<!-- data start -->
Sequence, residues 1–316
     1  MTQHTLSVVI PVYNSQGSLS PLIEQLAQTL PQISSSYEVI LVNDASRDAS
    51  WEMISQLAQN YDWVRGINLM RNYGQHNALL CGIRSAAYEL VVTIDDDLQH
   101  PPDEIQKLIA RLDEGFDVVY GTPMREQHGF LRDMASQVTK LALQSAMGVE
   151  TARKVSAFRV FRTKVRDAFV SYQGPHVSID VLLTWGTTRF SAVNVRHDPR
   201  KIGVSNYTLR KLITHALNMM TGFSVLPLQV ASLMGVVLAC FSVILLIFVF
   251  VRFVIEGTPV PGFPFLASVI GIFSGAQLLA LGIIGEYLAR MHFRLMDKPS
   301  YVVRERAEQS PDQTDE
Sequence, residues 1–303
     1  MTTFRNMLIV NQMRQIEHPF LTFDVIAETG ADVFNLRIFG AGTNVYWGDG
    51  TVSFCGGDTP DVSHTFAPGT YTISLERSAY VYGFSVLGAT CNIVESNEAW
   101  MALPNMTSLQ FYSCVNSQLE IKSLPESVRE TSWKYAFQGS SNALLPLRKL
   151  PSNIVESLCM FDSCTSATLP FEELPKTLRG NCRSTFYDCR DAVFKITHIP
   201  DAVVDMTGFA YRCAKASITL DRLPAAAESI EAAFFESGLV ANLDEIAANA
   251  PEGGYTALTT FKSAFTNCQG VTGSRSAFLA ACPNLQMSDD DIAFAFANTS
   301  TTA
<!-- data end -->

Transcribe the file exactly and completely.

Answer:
Sequence, residues 1–316
     1  MTQHTLSVVI PVYNSQGSLS PLIEQLAQTL PQISSSYEVI LVNDASRDAS
    51  WEMISQLAQN YDWVRGINLM RNYGQHNALL CGIRSAAYEL VVTIDDDLQH
   101  PPDEIQKLIA RLDEGFDVVY GTPMREQHGF LRDMASQVTK LALQSAMGVE
   151  TARKVSAFRV FRTKVRDAFV SYQGPHVSID VLLTWGTTRF SAVNVRHDPR
   201  KIGVSNYTLR KLITHALNMM TGFSVLPLQV ASLMGVVLAC FSVILLIFVF
   251  VRFVIEGTPV PGFPFLASVI GIFSGAQLLA LGIIGEYLAR MHFRLMDKPS
   301  YVVRERAEQS PDQTDE
Sequence, residues 1–303
     1  MTTFRNMLIV NQMRQIEHPF LTFDVIAETG ADVFNLRIFG AGTNVYWGDG
    51  TVSFCGGDTP DVSHTFAPGT YTISLERSAY VYGFSVLGAT CNIVESNEAW
   101  MALPNMTSLQ FYSCVNSQLE IKSLPESVRE TSWKYAFQGS SNALLPLRKL
   151  PSNIVESLCM FDSCTSATLP FEELPKTLRG NCRSTFYDCR DAVFKITHIP
   201  DAVVDMTGFA YRCAKASITL DRLPAAAESI EAAFFESGLV ANLDEIAANA
   251  PEGGYTALTT FKSAFTNCQG VTGSRSAFLA ACPNLQMSDD DIAFAFANTS
   301  TTA